Industrial Policy, China Ishtyle

USD 35,000. That is 29 lakh rupees, give or take.

Imagine you were a public policy analyst working for the Indian government, and an Indian carmaker came to you and said, “I’d like to sell cars, but I haven’t figured out a way to do so profitably just yet. I’d like you to cover my losses per car that I sell, until I turn profitable.”

“OK…”, you respond cautiously. “And how big are your losses per car sold?”

“Well, not much. About USD 35,000. Yes, per car.”

You gulp, the way cartoon characters do when they’re nervous.

“So what kind of support are we talking about in total?”, you ask.

Nio and other companies in China’s sprawling electric car sector have formidable government backing that allows them to withstand such losses and keep growing. When Nio nearly ran out of cash in 2020, a local government immediately injected $1 billion for a 24 percent stake, and a state-controlled bank led a group of other lenders to pump in another $1.6 billion.
Today Nio embodies China’s dominance of electric vehicle innovation and manufacturing, underlining its threat to traditional auto powers in Europe and the United States.

“And oh, by the way, I’m also going to launch smartphones, but it’s all good, this is all part of the plan.”

  1. This particular carmaker, Nio, employs 11,000 people in R&D alone.
  2. This particular carmaker, Nio, sold 8,000 cars in the quarter ending June 2023.
  3. It employs 30 (not a typo) technicians to make 300,000 electric car motors a year.
  4. Losses of $835 million in the quarter ending June 2023.
  5. The typical worker in Shanghai, China, earns about $30,000 per year. A worker in rural china will earn lesser.
  6. A typical worker in America earns $110,000 per year. The striking workers want a 40 percent pay raise over four years, plus a paid day off each week.
  7. “Paul Gong, head of Asia automotive research for the bank UBS, predicted that Chinese carmakers would capture a third of the global car market by the end of the decade. Much of the growth in his forecast is a jump in Chinese carmakers’ share of the European market to 20 percent, from just 3 percent now. In China, he said, “the competition is so fierce that it pushes every automaker to develop new technologies.”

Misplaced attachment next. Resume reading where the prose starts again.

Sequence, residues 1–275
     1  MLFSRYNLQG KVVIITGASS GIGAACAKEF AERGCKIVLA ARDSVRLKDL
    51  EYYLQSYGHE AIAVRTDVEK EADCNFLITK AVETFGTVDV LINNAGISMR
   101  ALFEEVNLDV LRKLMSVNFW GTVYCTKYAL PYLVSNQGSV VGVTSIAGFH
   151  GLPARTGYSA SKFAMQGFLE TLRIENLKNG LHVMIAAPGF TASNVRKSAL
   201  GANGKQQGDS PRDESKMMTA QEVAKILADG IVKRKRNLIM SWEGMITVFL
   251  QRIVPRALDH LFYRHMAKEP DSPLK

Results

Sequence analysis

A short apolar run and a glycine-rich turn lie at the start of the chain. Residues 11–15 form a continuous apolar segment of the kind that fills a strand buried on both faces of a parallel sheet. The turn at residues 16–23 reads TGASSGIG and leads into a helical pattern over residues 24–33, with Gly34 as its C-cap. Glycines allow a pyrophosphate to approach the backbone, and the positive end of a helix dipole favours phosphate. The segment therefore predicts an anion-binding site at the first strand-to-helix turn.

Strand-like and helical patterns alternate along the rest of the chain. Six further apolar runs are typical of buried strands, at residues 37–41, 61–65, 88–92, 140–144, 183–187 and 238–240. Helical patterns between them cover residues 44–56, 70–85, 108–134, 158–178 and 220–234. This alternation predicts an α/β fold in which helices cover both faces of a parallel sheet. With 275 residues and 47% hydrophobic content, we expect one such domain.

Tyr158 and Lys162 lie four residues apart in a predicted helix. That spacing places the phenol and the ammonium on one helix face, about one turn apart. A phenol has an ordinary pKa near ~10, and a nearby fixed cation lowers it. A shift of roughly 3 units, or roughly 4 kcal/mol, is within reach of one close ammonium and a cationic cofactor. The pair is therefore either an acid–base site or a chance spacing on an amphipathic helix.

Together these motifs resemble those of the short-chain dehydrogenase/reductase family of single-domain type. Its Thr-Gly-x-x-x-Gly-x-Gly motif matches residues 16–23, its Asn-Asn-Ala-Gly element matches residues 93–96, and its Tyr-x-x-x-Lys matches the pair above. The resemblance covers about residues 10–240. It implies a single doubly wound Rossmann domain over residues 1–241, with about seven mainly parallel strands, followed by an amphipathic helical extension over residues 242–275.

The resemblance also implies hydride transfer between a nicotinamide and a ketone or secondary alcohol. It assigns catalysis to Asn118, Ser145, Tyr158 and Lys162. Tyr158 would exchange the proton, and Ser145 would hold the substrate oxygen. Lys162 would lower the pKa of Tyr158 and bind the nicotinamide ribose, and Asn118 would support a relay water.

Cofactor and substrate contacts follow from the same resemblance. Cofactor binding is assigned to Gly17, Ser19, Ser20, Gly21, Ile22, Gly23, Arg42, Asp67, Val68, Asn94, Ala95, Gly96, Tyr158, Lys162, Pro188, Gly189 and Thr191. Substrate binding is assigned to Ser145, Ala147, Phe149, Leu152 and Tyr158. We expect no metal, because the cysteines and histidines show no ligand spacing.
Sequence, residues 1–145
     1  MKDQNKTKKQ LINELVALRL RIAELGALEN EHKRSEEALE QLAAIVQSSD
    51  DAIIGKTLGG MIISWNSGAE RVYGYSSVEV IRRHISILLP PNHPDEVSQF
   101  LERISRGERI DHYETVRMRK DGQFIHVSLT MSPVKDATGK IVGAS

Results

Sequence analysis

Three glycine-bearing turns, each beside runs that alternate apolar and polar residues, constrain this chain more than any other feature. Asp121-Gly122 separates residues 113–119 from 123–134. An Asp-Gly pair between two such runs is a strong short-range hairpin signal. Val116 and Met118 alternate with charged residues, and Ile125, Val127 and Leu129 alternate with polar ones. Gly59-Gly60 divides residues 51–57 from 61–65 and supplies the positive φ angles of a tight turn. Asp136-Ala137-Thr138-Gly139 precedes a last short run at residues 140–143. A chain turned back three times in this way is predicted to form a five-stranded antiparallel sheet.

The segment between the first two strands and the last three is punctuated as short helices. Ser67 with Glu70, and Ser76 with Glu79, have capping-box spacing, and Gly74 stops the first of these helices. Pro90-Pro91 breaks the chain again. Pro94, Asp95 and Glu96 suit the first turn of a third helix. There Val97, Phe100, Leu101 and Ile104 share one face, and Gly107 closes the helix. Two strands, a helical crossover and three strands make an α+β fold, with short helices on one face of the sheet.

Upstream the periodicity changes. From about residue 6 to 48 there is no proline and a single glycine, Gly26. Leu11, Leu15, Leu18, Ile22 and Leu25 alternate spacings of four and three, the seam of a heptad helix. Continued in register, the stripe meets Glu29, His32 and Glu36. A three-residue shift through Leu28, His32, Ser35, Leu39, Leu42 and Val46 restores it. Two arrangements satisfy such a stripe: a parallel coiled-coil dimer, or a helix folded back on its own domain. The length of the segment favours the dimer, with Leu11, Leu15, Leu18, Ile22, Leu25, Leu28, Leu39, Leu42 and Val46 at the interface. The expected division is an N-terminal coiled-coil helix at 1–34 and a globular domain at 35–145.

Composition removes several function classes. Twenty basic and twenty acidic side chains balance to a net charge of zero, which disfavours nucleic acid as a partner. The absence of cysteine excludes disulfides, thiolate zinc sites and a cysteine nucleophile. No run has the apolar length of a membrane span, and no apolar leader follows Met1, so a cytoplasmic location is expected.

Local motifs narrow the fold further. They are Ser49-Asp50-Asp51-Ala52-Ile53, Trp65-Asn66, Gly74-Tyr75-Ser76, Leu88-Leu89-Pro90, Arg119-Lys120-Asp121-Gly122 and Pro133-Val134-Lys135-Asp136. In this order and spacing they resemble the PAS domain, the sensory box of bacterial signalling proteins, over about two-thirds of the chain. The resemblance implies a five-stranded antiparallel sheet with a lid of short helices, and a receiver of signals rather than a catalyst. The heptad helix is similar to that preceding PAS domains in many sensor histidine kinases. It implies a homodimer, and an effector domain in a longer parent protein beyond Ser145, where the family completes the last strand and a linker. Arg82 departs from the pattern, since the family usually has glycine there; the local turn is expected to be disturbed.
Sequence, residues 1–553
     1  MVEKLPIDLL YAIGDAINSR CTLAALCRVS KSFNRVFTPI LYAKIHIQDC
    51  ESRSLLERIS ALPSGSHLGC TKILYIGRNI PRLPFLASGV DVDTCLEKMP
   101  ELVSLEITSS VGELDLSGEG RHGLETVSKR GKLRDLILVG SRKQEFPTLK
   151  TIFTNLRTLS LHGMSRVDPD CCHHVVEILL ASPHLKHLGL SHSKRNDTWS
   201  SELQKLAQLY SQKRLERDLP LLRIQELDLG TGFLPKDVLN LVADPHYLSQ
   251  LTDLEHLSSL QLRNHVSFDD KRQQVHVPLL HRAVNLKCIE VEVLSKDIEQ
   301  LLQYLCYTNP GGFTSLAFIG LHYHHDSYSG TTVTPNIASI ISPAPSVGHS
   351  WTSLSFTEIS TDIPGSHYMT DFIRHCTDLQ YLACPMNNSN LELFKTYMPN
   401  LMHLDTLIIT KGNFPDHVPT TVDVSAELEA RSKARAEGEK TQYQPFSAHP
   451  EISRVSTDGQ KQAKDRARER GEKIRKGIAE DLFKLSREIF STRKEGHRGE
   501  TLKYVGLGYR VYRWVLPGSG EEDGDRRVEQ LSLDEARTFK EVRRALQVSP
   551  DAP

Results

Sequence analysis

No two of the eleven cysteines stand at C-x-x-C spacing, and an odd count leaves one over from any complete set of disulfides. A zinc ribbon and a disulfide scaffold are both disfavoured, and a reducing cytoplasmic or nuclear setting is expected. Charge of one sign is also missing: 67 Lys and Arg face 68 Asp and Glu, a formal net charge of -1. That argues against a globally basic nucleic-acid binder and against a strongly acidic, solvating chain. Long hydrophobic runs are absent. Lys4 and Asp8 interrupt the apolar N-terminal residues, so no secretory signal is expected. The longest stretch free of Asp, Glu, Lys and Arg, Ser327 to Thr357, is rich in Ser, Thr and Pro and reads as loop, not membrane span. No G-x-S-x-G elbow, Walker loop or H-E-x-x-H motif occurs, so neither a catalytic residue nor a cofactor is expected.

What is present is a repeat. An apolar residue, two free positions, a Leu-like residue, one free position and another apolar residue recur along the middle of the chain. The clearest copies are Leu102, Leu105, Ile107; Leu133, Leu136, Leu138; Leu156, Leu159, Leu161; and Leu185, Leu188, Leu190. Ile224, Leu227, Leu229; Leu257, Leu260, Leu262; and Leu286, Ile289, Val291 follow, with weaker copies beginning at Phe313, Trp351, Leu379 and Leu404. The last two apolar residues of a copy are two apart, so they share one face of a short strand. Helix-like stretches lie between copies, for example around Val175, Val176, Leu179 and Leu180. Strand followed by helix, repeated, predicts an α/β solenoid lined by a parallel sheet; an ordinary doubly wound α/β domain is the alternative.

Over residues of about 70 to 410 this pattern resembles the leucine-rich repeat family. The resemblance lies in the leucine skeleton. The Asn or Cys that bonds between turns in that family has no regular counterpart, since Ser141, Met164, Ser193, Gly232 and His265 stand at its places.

8. Speaking of new technologies – Nio’s product launches saw it sell 18,477 cars in the quarter ending in September.
  9. So what would you do, if you were a European or an American (well ok, maybe not American) automobile manufacturer?
    “In July, Volkswagen paid $700 million for a 4.99 percent stake in XPeng, a money-losing Chinese electric car start-up, putting a valuation of $14 billion on XPeng. Nio received assistance from the Hefei local government, but XPeng has acknowledged assistance from the local government in Wuhan, also in central China. Volkswagen announced in April that it would build a $1.1 billion car development center in the central China city of Hefei. VW will hire 2,000 engineers to do work previously performed at its headquarters in Wolfsburg, Germany, for cars manufactured in China.”
  10. And sure, Nio may be making losses, but BYD posted profits of $1.5 billion. With demand for ICE (internal combustion engine) cars next to non-existent since 2017, Chinese car makers are looking to sell to the world at throwaway prices.
    ” “Why have they driven into exports? Because they have to — what are you going to do, close a factory?” said Bill Russo, a former chief executive of Chrysler China who is now chief executive of Automobility, a Shanghai consultancy.
    All over the world, Chinese automakers are taking market share. Steel and electronics used in cars are cheap in China, giving automakers here an advantage. Local governments in China also give the companies nearly free land, loans at near-zero interest and other subsidies.
    After years of quality gains and technology improvements, Chinese cars, even ones with out-of-fashion combustion engines, are turning heads at industry events like the Munich auto show this week.
    In Australia, Chinese automakers have passed South Korean rivals in sales, and are catching up with Japanese competitors. China has also expanded exports quickly to Mexico and Britain, and is beginning to increase shipments to Belgium and Spain, which have important car-unloading ports that serve as a gateway to other European Union countries.”
  11. And this shows up in a variety of mind-boggling ways:
    “Chinese automakers like BYD and Chery, and the European and Singaporean shipping lines that transport cars for them, have placed almost all of the orders now pending worldwide for 170 car-carrying vessels. Before China’s auto export boom, only four a year were being ordered, said Daniel Nash, head of vehicle carriers at VesselsValue, a London shipping data firm.
    The incentive to build more ships is clear. The cost per day for an automaker to hire a car-carrying ship has soared to $105,000, from $16,000 two years ago, Mr. Nash said. BYD is spending close to $100 million apiece for the construction of what will be the six largest car carriers ever built. Most of the vessels are scheduled for completion in the next three years.”

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